Over the last few posts, I’ve been arguing that the cross represents the thematic center of everything Jesus was about. Hence, rather than striving to have a “Christocentric” theology — which is so broad it means next to nothing—we ought to sharpen our focus by striving for a “cruciform” theology. I then offered some suggestions about how adopting a cruciform perspective might adjust our understanding of biblical inspiration.
Beginning today, I’d like to reflect on how a cruciform perspective might affect our understanding of “divine transcendence” and “divine accommodation.” The former is usually understood to refer to God as he is in himself, apart from his relation to creation. The latter refers to various ways God has had to adjust his appearance in order to communicate to us, given that our brain capacity is so limited, and our hearts so tainted with sin. The two are inseparable inasmuch as the second presupposes the first. That is, we could only recognize that God is accommodating himself in a given passage if we already know something about what God is like in himself, when he’s not accommodating.
I thought it might be fun to start my reflections on this topic with John Calvin, since he used the concept of accommodation more than anyone else in church history. Everyone assumes I don’t like brother John, but it’s not true. Well, maybe a little. I’ll readily admit that I find aspects of his doctrine of God, especially as it concerns “election” and “reprobation,” to be utterly horrific. I should also acknowledge that what I’ve learned about his personal life, especially the way he treated enemies like Michael Servetus, does little to boost my respect for him. At the same time, however, I want it to be known that I have found much in both his Institutes of the Christian Religion and his massive commentaries that I consider to be very insightful. Seriously.
I find some aspects of his use of the concept of divine accommodation to be helpful. In previous posts I’ve said that to read Scripture through the lens of the incarnation and the cross means we should read it with the awareness that God is a God who stoops to enter into our humanity and bear our sin. Calvin’s use of divine accommodation, at times, points in this direction. For example, regarding the depiction of Yahweh as a warrior waking up with a hangover in Psalm 78:65, Calvin said that this was a divine portrait that was “accommodated to the stupidity of people.”  So too, Stephen Benin documents the manner in which Calvin occasionally “pushed his approach [to accommodation] so far as to assert that the Holy Spirit…accommodated itself to vulgar error in order to enhance the meaning of its message,” as when he noted how the Psalmist expressed the erroneous view that cobras could make themselves deaf in Psalms 58:4-5. Most surprising of all, Calvin wasn’t afraid of admitting that some portraits of Yahweh in the OT, such as his commanding his people to mercilessly slaughter defenseless women and children, were “utterly barbaric,” “crude,” “savage,” and “atrocious.” However, Calvin concluded that because it was God who did these things, and because God transcends our moral categories, we must acknowledge these otherwise “atrocious” actions to be “holy.”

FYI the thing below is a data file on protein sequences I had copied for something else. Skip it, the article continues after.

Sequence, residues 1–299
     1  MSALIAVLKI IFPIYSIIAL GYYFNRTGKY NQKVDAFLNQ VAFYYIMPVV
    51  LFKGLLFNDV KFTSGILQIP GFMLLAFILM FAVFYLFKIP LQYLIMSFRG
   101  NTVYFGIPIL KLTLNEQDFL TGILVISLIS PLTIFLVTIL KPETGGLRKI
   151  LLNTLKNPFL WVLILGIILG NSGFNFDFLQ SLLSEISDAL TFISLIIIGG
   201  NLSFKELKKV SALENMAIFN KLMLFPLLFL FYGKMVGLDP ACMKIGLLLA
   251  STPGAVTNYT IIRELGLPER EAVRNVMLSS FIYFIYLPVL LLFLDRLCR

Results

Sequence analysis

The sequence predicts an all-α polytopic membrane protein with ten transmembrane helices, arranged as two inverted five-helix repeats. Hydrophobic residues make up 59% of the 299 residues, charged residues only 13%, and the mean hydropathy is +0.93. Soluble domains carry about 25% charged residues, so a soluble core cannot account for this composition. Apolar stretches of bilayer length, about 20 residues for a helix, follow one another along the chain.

What I find intriguing, however, is that as much as Calvin used the principle of accommodation to explain difficult passages, and despite the fact that he was close to affirming that the Holy Spirit is willing to stoop to bear our stupidity and erroneous views, when it came to explaining depictions of God acting violently, Calvin instead appealed to his doctrine that God is above our moral categories (a doctrine which, if you think about it, implies that we have no idea what we mean when we claim God is “good”). Had Calvin placed the cross at the center of his concept of divine accommodation, I believe he could have explained the passages that depict God acting in “crude,” “savage,” and “atrocious” ways without having to say that “crude,” “savage,” and “atrocious” behavior becomes “holy” when applied to God.
Had Calvin made the cross central to his understanding of accommodation, he could have explained these violent portraits of God (as well as a multitude of other embarrassing or difficult passages) the same way he explained passages where the Spirit accommodates our “stupidity” and error. Had Calvin incorporated God’s sin-bearing character into his understanding of accommodation, he could have said what I would say: these violent, “savage” portraits anticipate the cross by pointing to a God who, out of love, stoops to bear the sin of his people, and thus takes on the semblance of a deity that is far less beautiful than he actually is– just as he did on the cross.
 Cited in F. C. Battles, “God was Accommodating Himself to Human Capacity,” Interpretation, 31 (1977), 19-38 (35).
 S. Benin, The Footprints of God: Divine Accommodation in Jewish and Christian Theology (New York: SUNY, 1983), 195.
 See D. F. Wright, “Accommodation and Barbarity in John Calvin’s Old Testament Commentaries,” in Understanding Poets and Prophets: Essays in Honour of George Wishart Anderson, A. G. Auld, ed. (JSOT, Supp. 152: 413-27; Sheffield: Sheffield Academic Press, 1993), 413-27 [427-28]. See also “Calvin’s Pentateuchal Criticism: Equity, Hardness of Hart, and Divine Accommodation in the Mosaic Harmony commentary,” Calvin Theological Journal, 21 (1986), 33-50.